Why do websites look the same? It won’t take you long, clicking through the web to notice that a majority of websites tend to look the same. Most include a large image in the hero background with some text overlaid on it, a call to action button, and the list goes on. This design tends to work very well, but it leaves you with the question: “Why do websites look like this?” Oddly enough Websites take a lot of their looks from Newspapers. It makes sense when you think about it. Newspapers have been around for ages and have had time to perfect the formula for capturing a viewers attention and transferring information to a viewer. They know just how someone will read their page and what tactics to use to keep the viewer's eyes engaged.
Let's jump into some of those basic elements that transfer over into the web design universe.
The header on a website is the area found at the top of the page. Much like a newspaper, a webpage will usually display the company logo and some basic information such as a contact phone number or address. Most websites now contain a large hero image, used to captivate the visitor and peak their interest to dive further into the site. Website headers may also contain a string of main navigation items, or in other words the menu for the site.
On most websites, you’ll find a call to action right there in the header section. This is simply a line of text or a button that leads the visitor to take action. Strategic CTA’s are very important on a website, they help guide the visitor through the journey of the website and lead the visitor further down the conversion funnel.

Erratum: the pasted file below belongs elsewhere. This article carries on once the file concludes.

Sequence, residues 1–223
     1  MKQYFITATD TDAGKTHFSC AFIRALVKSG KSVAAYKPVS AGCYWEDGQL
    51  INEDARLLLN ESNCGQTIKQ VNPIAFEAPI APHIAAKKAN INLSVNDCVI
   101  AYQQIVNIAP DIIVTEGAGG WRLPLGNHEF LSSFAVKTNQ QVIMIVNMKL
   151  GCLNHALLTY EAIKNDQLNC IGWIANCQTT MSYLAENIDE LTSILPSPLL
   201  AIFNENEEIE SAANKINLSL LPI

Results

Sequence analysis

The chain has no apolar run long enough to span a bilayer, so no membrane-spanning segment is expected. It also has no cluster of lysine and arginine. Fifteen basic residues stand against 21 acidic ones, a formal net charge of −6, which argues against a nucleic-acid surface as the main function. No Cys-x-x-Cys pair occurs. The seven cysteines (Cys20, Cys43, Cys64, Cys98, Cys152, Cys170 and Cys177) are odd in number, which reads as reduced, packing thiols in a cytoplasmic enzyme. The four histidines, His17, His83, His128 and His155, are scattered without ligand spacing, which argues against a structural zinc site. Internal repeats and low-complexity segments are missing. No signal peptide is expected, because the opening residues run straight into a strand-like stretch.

One practice that has carried over to web design from newspapers is working above and below the fold. Above the fold refers to the upper half of a newspaper when it’s folded in half. Important information and pictures are placed above the fold to help attract viewers and peek their interest. Websites use this same strategy and tend to be conscious of what they are placing “above the fold.” For a website, this refers to the space on a page that is shown without the viewer scrolling.
Hopefully, you above the fold presentation has been enough to convince the viewer to travel below the fold. This is where the core of your information will be displayed. You want to be conscious of displaying information in a way that is able to get your point across and be aesthetically pleasing. Make sure your information and structure flow, making it as much of a guided journey as possible for the viewer.
The last part of the webpage is reserved for the footer. The footer usually contains important links to other pages on the sites. The footer usually provides useful contact information about the company.
Websites do tend to look the same, however, it’s for a good reason! These practices make it possible to create pages that are both captivating and informative. If you are interested in adjusting the anatomy of your website, contact Red Shark Digital today so we can help!